We also went to our pharmacy in advance. I wrote down every single prescription we currently take AND had ever taken and inquired what the cash price would be. Most were affordable. We do have 1 that is expensive. But Samaritan pointed us toward We pay an annual $45 subscription to this. Our policy number stays on file at CVS and discounts most of our drugs to a similar level to what we were paying on insurance. A couple of prescriptions actually ended up costing less with this than we paid with insurance.  We discovered that we had been paying a $35-40 copay, for example, for a $12 bottle of Amoxicillan.  (If you don’t have children yet, brace yourself.  It will always be in your refrigerator.  Sam’s Club should sell it by the gallon.)  Another option is mail order Canadian pharmacies like There appears to be some debate about the legality of ordering medication from Canadian pharmacies. Until it’s clearer, this will be my civil disobedience. For the 1 prescription that is very expensive for us, I can purchase 3 months of it for what 1 month costs here. The generic is not yet allowed in the U.S. because of its patent.

(Editing our story now in 2016, we have continued to learn the drastic difference in drug prices if you are willing to shop around. Pharmacies use various wholesale providers to purchase the drugs we buy. A few months ago, my wife’s prescription was changed to a new drug. Although we asked for the generic, this particular drug was $273 for 1 month’s supply at CVS. We found the same drug at a local family-owned pharmacy for $27 monthly. We then compared all our prescription prices and moved our business to the small family pharmacy.)

We were with Samaritan for about 6 months when our youngest son developed a golf-ball-sized bump on his chest. It was discovered that he had a benign cyst which would require surgery to remove. This would be our test to see how well the Health Sharing deal worked.

We called Samaritan and spoke to a live person, who coached us through the process of submitting receipts for reimbursement. He explained that we would be responsible for the first $300, but that everything over that would be published for the Health Sharing organization, and that we would receive the reimbursements following that. Then, he prayed for our son with us over the phone.

Samaritan members are responsible for negotiating the medical payments. This was unnerving to me at first; but I soon realized this is exactly what insurance companies do with hospitals and doctor offices. Samaritan also provided a simple 10 point document designed to help us navigate this.

On the day of our sons’ surgery BEFORE he was even taken back, a hospital worker brought us the cash pay triplicate agreement form to sign. If we could pay the full bill within 30 days, they would discount it 40%. If we could pay in full in 1 payment within the year, they would still discount 30%. We learned quickly that hospitals have the largest negotiating room in billing. The hospital is basically billing a rental charge for the use of their facility, surgical suite and equipment for the surgeon to use.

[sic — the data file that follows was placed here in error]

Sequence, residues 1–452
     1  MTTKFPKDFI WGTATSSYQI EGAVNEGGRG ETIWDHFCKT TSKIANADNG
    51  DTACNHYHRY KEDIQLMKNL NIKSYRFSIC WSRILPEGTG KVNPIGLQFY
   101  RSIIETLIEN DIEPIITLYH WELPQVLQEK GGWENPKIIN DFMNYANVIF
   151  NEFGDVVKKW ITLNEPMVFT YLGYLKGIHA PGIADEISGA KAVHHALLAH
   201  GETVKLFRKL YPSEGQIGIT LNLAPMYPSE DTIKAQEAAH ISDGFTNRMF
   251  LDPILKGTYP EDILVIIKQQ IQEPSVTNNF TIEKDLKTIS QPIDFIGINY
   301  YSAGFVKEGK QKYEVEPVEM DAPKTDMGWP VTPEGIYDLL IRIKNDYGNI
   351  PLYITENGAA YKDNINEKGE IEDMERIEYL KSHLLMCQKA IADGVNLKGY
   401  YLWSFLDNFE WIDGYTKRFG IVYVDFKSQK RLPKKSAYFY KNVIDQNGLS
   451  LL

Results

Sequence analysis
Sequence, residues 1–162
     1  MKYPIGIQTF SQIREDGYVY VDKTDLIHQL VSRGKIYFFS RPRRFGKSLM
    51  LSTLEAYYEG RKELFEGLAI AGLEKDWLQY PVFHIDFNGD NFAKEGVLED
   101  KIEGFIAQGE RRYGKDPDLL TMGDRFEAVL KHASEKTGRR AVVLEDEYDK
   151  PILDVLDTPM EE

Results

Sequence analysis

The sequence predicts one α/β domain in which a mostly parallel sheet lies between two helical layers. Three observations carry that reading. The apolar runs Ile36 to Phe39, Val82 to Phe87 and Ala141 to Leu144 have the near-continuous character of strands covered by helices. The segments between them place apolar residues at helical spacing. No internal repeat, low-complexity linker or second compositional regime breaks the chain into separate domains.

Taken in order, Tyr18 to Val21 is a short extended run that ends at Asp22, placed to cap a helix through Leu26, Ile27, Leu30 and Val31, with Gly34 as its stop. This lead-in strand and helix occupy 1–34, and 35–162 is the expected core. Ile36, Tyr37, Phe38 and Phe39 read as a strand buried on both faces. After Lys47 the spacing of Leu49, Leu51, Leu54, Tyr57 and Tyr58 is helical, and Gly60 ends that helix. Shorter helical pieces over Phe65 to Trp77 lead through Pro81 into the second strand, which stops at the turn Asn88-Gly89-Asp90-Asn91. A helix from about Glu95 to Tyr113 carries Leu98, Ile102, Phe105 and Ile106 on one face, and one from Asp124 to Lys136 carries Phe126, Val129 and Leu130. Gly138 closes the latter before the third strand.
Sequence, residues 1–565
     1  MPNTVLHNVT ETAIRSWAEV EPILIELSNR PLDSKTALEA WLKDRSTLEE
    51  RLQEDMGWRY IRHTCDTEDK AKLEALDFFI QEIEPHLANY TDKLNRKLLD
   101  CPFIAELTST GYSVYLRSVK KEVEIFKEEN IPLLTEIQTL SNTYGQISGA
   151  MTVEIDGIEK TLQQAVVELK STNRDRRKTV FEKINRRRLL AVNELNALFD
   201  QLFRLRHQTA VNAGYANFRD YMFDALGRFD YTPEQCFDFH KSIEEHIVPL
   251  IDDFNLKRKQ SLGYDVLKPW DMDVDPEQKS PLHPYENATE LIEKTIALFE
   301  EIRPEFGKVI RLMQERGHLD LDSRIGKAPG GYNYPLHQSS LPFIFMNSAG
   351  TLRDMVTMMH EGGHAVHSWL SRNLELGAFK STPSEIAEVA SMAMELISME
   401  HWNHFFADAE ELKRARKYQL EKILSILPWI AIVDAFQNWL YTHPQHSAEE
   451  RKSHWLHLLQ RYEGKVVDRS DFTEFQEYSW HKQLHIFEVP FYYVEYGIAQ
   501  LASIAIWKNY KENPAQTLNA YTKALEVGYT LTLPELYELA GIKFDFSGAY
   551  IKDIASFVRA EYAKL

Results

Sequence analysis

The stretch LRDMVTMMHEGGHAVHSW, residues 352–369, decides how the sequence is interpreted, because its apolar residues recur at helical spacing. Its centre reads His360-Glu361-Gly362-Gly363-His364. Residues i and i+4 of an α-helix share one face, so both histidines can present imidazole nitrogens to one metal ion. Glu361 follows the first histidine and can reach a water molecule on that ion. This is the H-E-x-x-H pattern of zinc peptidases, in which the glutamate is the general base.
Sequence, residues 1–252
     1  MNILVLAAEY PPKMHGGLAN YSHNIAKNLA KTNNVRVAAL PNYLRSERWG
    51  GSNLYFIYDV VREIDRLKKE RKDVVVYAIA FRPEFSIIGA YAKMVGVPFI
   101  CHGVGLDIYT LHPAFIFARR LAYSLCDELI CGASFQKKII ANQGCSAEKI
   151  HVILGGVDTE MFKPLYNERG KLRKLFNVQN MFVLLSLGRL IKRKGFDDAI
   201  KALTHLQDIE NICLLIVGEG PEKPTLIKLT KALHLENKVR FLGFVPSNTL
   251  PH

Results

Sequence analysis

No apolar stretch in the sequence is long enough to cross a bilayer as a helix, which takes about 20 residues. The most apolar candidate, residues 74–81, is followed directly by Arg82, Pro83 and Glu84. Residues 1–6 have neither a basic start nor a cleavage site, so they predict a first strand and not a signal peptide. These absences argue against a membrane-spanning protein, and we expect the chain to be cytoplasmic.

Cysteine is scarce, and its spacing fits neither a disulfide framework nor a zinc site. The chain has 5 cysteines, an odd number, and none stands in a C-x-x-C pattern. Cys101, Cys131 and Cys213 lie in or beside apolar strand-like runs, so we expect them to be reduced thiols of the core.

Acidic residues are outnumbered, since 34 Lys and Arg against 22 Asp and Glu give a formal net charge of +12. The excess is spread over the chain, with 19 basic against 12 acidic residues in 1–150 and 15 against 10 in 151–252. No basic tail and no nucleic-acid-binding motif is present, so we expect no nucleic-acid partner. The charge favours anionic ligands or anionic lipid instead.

We received a second bill from the surgeon’s office for the work of the surgery and his pre-op assessment. They discounted us 30%. A third bill came from the anesthesiologist. They discounted 0%. A small fourth bill came from pathology to confirm the cyst was benign. Also discounted 20%.

At the end of the day, the total which would have been billed to an insurance company was nearly $9000. We negotiated the total cost to approximately $5200. We submitted all the bills to Samaritan in July—the original totals and what we had negotiated. We were published to the Health Sharing Group in September. In October, we received personal checks from 26 individuals from across the country, in “get well/praying for you” cards, totaling $5200. Samaritan counted our $300 responsibility into the cost of what we negotiated, so we were reimbursed the entire cost of the surgery!

1 additional fact about Samaritan, members agree to refrain from tobacco use, to completely abstain or use alcohol in moderation, and to the biblical mandate of sex within monogamous, heterosexual marriage only. We all agree to attend church at least 3 times per month. We sign a covenant agreeing to this lifestyle, and it is also signed by our pastor affirming that the information we are providing is truthful. It is the belief of Samaritan Ministries’ members that living in the way of Christ affects every level of our souls, including our physical well-being. Living healthy lives as a group holds health costs down for all.